Read every day [book excerpt]

Good students are readers.

Why? First, they have a large store of background knowledge. Second, they have large vocabularies. Third, they can read quickly with excellent comprehension.

Reading is a habit that can be acquired, like any other habit. The lucky people acquire the habit of reading when they are little children. They’re the ones who must be forced to put down their books to come to the dinner table; who stay up past their bedtime, reading by flashlight under their blankets; who sit in the backseat of the car with their nose in a book; and who long for summer, when they will have time to do nothing else but read.

If you are one of these people, skip the rest of this section and go on to other good habits that you may not have acquired.

If you’re not yet a habitual reader, begin now. Continue reading “Read every day [book excerpt]”

Practice Moral Courage (book excerpt)

Practice moral courage.
Moral courage enables you to stand up for what you believe in when others disagree. When others propose to do something they shouldn’t, the person with moral courage is able to make his or her own choice, instead of going along with the crowd. When others are saying things that are rude, or hurtful, or inappropriate, the person with moral courage calls them on it. When others are mistreating someone, the person with moral courage defends him.

This is the hardest habit to acquire. Continue reading “Practice Moral Courage (book excerpt)”

How to deal with organization problems

Dr. Mel Levine of All Kinds of Minds has excellent advice for teachers and parents trying to help a disorganized student. A common mistake, he says, is to nag and threaten. “You won’t always have me here to help you”, etc. The truth, says Levine, is that as adults we can almost always find someone—a spouse, friend, or colleague—to help us.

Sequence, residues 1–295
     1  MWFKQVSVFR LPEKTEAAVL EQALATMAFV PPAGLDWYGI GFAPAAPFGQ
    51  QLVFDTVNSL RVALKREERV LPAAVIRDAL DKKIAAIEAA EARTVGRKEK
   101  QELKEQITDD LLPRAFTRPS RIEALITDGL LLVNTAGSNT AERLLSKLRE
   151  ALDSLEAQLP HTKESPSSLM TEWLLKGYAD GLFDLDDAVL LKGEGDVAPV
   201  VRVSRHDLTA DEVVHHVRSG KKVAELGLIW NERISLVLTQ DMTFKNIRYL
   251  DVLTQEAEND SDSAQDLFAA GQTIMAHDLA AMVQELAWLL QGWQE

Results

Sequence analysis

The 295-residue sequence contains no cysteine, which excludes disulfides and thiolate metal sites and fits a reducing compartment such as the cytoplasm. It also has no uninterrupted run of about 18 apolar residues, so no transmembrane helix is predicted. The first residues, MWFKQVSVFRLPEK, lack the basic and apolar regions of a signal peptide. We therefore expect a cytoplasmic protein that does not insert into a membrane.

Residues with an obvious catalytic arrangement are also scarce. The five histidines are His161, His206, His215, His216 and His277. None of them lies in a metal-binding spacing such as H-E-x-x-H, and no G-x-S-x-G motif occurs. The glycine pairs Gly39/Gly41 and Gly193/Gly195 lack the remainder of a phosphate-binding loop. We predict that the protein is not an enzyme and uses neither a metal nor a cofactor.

Drink lots of water (book excerpt)

The brain—and the rest of the body—needs plenty of water to work at its peak levels.

Recent research by scientists studying the brain tells us what our grandmothers have always known: the body needs plenty of water to stay in good working order. When you study at home, have a pitcher of water at hand. At school, ask permission to have a bottle of water at your desk. The rule of thumb is that we should drink 6–8 glasses a day (about 48–64 oz., or somewhere between 1.5 and 2 litres).

Soda pop is not an approved substitutes for water. The sugar content in these drinks puts you on a roller-coaster of sugar highs and lows, and it does nothing to help your body—including your brain—work better. Fruit juice? Energy drinks? No. Stick with water.

Eat properly, get enough sleep, and stay drug-free (book excerpt)

Your brain—have I mentioned this already?—is part of your body.

You can’t expect your brain to do its best unless you take care of it. Junk food, irregular meals, inadequate sleep, cigarettes, alcohol, caffeine, “recreational” drugs—all of these diminish your brain’s ability to work. All of them, too, are entirely avoidable—bad habits people slip into because they take the easy way, the lazy way. Be smarter than that.

And if you’ve already developed, or begun to develop, a bad habit in this area, break it now!

Skipping breakfast is a common error in today’s society. I’ve made this the topic of my sample goal. If you aren’t sure what a “proper breakfast” is, now is a great time to learn a bit about nutrition. Your parents and teachers may be able to help you with this (see Chapter 4: Getting Help from Parents and Teachers).